This review was written for: www.Thrashpit.com
In the past I'd always found it hard to sum up any sort of excitement for Iron Mask. Sure, there's no doubting that the band are a talented bunch of guys, but there's only so much neo-classical power metal I can take; there's only so many times I can hear the harmonic minor scale blazed through at the blink of an eye; hell, there's only so much shredding a man can take! Back then the neo-classical power metal scene was seriously oversaturated, and what with acts like At Vance, Virtuocity, and Dushan Petrossi's stronger project Magic Kingdom comprising my diet for the sound, Iron Mask fell on the sidelines with their orthodox, been-there-done-that approach to the style.
Here, I've found myself relatively ensnared, and enamored with the band. Whilst there's still plenty of neo-classical timbre throughout, the songwriting feels at the most focused I've heard from Iron Mask. Particularly in the shorter, succinct numbers that are without a doubt the highest points on the album, and while I do feel they could have snipped one or two tracks to make the whole smoother, there isn't anything identifiably bad throughout.
Certainly one of the stronger elements on Fifth Son Of Winterdoom is Mark Boals' vocals, a singer I'm sure many will recognize from Yngwie Malmsteen, Royal Hunt, or a whole host of other acts. I know, I know, he was on their last album, and sounded good there, but here he feels better integrated with a lot of the material feeling catered to him. Particularly in early highlights like "Like A Lion In A Cage" and "One Commandment" where he really gets to shine with his smooth, shimmering delivery and the latter number giving me some flashbacks to his stint in Royal Hunt.
Musically this is professional and proficient power metal, with plenty of melodic and neo-classical shading throughout. Thematically there's loads of cool stuff, from the fantastical to the historical. Speaking of theme, "Seven Samurai" does a bang up job of conveying its oriental flavor, probably my choice number here thanks to some thumping riffs, and it seriously makes me want to play Shinobi III. The title track also covers a lot of ground with its wintry theme, helping evoke images of bear skins around a fire, crisp snow on the ground, and of course tempting feelings of mead resting in the stomach. Ah, mead would be nice.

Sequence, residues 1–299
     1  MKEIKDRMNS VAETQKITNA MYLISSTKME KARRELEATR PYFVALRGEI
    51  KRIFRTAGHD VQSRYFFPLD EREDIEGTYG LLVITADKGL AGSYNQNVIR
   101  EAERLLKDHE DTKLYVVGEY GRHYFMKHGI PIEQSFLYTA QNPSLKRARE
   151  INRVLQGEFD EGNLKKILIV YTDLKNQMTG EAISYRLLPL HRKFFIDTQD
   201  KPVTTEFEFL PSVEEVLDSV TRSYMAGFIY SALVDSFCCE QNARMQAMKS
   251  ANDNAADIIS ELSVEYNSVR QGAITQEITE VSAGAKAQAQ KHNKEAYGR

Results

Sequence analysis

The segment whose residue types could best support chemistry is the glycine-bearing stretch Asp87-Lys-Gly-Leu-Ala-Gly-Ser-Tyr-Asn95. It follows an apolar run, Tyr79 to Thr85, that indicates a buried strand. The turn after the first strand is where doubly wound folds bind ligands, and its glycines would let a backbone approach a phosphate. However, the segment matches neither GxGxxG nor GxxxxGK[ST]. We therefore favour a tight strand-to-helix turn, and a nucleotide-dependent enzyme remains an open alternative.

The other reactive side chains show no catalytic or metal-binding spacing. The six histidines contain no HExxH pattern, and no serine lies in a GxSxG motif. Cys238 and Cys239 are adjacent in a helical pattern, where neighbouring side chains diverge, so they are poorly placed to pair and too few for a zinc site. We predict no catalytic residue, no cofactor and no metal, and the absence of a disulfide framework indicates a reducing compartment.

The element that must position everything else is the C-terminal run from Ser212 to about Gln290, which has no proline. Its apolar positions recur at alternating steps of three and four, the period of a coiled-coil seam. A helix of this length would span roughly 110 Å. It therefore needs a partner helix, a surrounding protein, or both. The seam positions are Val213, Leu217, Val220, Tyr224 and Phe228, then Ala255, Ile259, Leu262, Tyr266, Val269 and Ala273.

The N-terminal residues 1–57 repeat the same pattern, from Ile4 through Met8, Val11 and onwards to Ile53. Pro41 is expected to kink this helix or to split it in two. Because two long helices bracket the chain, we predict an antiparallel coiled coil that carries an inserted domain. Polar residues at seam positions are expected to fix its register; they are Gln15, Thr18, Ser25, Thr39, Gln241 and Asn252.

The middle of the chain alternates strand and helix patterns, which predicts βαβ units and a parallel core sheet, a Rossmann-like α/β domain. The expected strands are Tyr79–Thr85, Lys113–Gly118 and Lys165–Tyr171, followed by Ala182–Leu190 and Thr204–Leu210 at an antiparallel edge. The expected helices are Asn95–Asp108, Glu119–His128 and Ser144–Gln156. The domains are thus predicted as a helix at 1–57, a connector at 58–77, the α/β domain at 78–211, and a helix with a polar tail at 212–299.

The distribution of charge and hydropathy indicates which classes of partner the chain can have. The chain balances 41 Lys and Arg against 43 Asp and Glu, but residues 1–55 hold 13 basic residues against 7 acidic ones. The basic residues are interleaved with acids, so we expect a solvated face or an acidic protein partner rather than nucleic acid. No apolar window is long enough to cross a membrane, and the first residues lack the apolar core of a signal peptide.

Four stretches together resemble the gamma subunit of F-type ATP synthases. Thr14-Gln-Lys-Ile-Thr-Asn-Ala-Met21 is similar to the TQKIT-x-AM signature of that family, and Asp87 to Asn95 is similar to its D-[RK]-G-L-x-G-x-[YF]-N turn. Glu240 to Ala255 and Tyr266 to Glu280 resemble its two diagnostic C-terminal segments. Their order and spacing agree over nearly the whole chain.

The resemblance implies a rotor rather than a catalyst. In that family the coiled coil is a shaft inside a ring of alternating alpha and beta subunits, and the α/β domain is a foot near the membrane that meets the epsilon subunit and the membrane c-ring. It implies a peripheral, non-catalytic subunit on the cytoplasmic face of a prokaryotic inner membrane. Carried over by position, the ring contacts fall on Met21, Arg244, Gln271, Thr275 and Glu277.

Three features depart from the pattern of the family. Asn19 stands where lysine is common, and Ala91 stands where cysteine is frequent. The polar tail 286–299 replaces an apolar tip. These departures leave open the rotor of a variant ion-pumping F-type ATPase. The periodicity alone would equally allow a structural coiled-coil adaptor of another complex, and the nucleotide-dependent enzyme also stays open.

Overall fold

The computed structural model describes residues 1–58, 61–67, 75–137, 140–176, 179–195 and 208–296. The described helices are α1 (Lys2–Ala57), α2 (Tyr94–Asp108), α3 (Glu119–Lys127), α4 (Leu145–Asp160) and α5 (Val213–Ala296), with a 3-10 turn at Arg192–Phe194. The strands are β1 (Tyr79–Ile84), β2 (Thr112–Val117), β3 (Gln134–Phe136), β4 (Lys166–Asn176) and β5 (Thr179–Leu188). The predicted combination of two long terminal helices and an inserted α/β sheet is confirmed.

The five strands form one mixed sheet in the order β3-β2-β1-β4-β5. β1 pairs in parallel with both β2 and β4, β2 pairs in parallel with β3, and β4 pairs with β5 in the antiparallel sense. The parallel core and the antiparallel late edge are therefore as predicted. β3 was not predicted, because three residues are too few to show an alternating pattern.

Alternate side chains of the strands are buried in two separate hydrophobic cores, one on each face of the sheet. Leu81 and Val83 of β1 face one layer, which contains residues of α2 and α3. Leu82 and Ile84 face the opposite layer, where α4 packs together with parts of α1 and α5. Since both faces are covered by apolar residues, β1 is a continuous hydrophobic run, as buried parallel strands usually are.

Like I said earlier, there isn't all that much identifiable as bad across the board. The album does feel a little longer than it should have been, but I guess you get some bang for you buck. Performances across the board are excellent, and whilst Dushan Petrossi's guitars don't completely dominate, there's still a fuck load of shred-tastic solos throughout, with "Run To Me" almost imploding from its sheer amount of guitar leads. On the whole, a quality release, and as far as I'm concerned their strongest to date. If you like your power metal with a neo-classical tinge and a dollop of hard rock, then you can't go wrong here.
Originally written for http://www.metalcrypt.com